New drug reduces stroke in high risk patientsBetter than aspirin
A new drug is better than aspirin at preventing stroke in high risk patients, a study has shown.
The drug - known as apixaban - was said to be "vastly superior" to aspirin at reducing the risk of stroke in patients with atrial fibrillation (AF).
AF affects around 750,000 people in the UK, and is one of the most common heart rhythm problems. The most common symptom of AF is a fast and irregular heartbeat.
Although AF patients are at a higher risk of stroke, as many as 50 per cent of patients are unsuitable for treatment using vitamin K antagonists such as warfarin, which help prevent the formation of blood clots. Until now, the only alternative treatment has been aspirin.
However, the clinical trial which involved 5,600 AF patients found apixaban lowered the risk of suffering a stroke by 3.6 per cent in a year, compared with aspirin which reduced the risk by just 1.6 per cent.
The researchers said the drug also works better in people with a history of stroke or mini-stroke.
The drug works by blocking factor Xa, a crucial step in blood clot formation.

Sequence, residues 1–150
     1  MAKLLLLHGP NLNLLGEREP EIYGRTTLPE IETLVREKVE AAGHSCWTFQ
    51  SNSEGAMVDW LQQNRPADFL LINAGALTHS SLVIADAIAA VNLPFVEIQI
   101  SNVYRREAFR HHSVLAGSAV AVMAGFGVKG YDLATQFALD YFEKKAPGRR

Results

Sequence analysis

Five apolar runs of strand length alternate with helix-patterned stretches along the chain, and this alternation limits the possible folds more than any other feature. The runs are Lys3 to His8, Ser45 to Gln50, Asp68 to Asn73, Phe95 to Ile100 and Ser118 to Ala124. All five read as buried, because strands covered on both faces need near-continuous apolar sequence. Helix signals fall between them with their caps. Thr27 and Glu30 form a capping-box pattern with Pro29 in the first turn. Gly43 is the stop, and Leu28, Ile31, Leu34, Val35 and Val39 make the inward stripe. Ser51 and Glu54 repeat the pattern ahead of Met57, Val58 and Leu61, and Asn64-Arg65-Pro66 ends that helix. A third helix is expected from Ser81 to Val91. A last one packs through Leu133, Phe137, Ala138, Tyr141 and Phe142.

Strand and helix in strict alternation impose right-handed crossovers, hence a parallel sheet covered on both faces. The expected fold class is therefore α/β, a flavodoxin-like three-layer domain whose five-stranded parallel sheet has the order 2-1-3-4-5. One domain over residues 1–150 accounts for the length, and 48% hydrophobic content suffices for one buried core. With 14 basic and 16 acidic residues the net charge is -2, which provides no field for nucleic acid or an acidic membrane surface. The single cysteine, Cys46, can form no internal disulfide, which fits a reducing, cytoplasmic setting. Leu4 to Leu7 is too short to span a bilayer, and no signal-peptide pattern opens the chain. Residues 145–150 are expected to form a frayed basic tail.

Professor Hans-Christoph Diener at the Department of Neurology and Stroke Centre, University Hospital Essen, Germany said: "Apixaban was highly superior to aspirin. We had not anticipated that apixaban would show such a big difference compared with aspirin while showing no significant increase in major bleeds.
"Everyone had expected that a more powerful drug like apixaban would be associated with more severe bleeding complications compared to aspirin, but it wasn't.
"If validated by future studies I think this is the end of aspirin as a drug to prevent stroke in patients with AF," he added.
The findings were presented at the International Stroke Conference 2011 in Dallas.
This article was published on Fri 11 February 2011
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